My own contention here is that these Arabic verb forms from XI-XV are not so rare as they are made out to be and that high intermediate through advanced Arabic students should be taught them (I suppose that if I were writing an academic paper, something along these lines would be my “thesis statement.”)
Rare Arabic verb forms in modern novels
I did not always think this way, but over time I have reached this tentative conclusion. What initially sparked this line of reasoning was a sentence in the short story Al Taai'h (التائه) by Ibrahim Abd Al-Qadir Al-Mazini (إبراهيم عبد القادر المازني), in which he used the verb اِغْرَوْرَقَ بِ which is form XII and means to fill (with water). The title of the story means “lost or stray”; it's about a small boy who gets lost for a day and all that happens to him. You will not find this short story on the internet probably because it was on pages 402-412 of a larger work entitled: “Fii al-Tariiq” (في الطريق) published in Cairo in 1937.
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It surprised me since this was a modern story by a modern author, not some obscure Classical piece of prose or poetry. Understanding the text demanded that I recognized the verb form. Clearly, the author made a deliberate, conscious decision to use this Form XII verb as his mot juste, even though he had lots of other options in “modern Arabic” available to him.
I had the good fortune to be able to discuss this issue with Dr. Abdul Kareem Said Ramadan while I was working on an M.A. in Arabic at Middlebury College, and he had told me that generally the verbs in these forms are used to describe something, the intensity of which is greatly magnified.
So, in this case, the eyes were not just tearing up, but overflowing with tears—a distinct and subtle difference apparently captured best in Arabic by dint of this verb form XII.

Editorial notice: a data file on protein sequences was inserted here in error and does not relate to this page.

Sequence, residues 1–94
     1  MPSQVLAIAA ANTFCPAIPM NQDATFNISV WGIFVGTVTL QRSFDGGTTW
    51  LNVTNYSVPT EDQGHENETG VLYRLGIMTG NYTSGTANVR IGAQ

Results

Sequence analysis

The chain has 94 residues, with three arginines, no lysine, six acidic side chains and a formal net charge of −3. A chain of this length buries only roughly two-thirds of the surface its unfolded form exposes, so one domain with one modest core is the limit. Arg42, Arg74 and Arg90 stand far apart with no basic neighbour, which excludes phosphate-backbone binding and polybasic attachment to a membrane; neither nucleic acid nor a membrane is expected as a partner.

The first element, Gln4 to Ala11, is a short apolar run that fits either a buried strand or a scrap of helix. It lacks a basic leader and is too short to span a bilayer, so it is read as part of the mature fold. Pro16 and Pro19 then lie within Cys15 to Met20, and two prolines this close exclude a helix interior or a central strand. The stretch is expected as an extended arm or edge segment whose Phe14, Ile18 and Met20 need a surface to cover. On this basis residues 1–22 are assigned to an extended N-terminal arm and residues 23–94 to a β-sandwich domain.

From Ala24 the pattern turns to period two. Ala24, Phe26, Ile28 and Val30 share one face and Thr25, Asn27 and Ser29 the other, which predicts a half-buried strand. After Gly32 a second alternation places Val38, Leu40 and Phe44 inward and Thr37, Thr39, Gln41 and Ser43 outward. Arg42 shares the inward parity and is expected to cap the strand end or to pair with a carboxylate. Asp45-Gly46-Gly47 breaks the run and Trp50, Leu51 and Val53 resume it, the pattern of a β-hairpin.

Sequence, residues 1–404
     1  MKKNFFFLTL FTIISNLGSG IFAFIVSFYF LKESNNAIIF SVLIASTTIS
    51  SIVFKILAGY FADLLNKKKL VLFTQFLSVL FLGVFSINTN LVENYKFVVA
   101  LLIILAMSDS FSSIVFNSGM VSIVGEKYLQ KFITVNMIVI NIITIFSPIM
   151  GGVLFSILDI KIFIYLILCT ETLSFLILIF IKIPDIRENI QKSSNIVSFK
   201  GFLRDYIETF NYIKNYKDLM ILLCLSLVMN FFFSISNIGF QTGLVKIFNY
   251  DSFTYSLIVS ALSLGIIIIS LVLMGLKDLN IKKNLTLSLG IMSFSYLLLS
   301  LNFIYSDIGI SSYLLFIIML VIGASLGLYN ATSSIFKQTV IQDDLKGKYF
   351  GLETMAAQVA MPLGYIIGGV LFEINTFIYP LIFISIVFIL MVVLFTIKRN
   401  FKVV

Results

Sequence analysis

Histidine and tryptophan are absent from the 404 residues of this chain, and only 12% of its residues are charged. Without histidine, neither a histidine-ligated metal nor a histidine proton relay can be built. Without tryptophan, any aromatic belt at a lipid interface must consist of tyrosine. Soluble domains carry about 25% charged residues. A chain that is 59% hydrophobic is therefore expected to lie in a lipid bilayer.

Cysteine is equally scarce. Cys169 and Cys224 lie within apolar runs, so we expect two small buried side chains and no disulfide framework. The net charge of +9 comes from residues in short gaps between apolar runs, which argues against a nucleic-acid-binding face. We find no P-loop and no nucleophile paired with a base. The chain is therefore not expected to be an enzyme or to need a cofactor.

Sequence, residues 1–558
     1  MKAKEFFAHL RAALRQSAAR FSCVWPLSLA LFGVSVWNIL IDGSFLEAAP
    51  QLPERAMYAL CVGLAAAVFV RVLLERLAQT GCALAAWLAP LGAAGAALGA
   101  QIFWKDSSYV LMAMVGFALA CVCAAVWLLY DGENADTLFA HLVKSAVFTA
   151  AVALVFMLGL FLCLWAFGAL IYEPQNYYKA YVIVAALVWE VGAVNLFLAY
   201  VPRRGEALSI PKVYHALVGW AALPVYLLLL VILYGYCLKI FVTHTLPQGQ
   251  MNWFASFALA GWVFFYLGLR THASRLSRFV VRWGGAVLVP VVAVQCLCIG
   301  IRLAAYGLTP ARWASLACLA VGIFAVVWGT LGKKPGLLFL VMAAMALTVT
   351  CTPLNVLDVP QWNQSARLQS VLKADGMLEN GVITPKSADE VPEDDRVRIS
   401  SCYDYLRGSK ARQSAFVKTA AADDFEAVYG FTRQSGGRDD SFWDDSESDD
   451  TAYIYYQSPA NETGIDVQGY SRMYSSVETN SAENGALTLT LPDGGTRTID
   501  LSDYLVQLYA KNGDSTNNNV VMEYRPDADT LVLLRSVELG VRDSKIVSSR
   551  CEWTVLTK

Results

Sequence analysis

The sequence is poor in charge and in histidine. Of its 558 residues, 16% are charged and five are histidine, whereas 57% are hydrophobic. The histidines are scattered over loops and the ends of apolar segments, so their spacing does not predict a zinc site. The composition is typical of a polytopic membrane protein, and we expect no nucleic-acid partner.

At first, I had thought that perhaps this was a fluke or a one-time phenomenon, but I then started to notice increasingly more of these verb forms in modern texts.
So, when I had an opportunity, I had asked Dr. El-Said Badawi about this “trend” that I had been observing, and he told me that he himself was seeing these verb forms in various newspaper articles from around the Arab world, as though there were a movement to revive their active use.
Some more examples
For example, Dr. El-Said Badawi mentioned one being used in the sense of “to mow a lawn with a mechanical lawn-mower on which one can sit,” something I doubt existed in Classical Arabic (unless, of course, they mounted a camel to use it to chew on lawns; “to mount a camel” is also one of these forms, by the way: اِعْلَوَّطَ).
And, when I had to give an oral autobiographical presentation in which I had to talk about my grandfather, who was a hunchback, owing to polio when he was young, the only verb to spring to mind was, of course, “He was a hunchback,” or, اِحْدَوْدَبَ the use of which quite nearly gave Dr. Nahla from Alexandria, Egypt a heart attack and a hearty laugh in my Arabic linguistics course.
You can order them here! T-shirts with rare Arabic verb forms
Reggie (together with the illustrator Dawn Cheik) has designed unique t-shirts for Arabic nerds. They feature rare verb forms – with Arabic script and illustration.
picture credit: Gerald Drißner; Reginald Hefner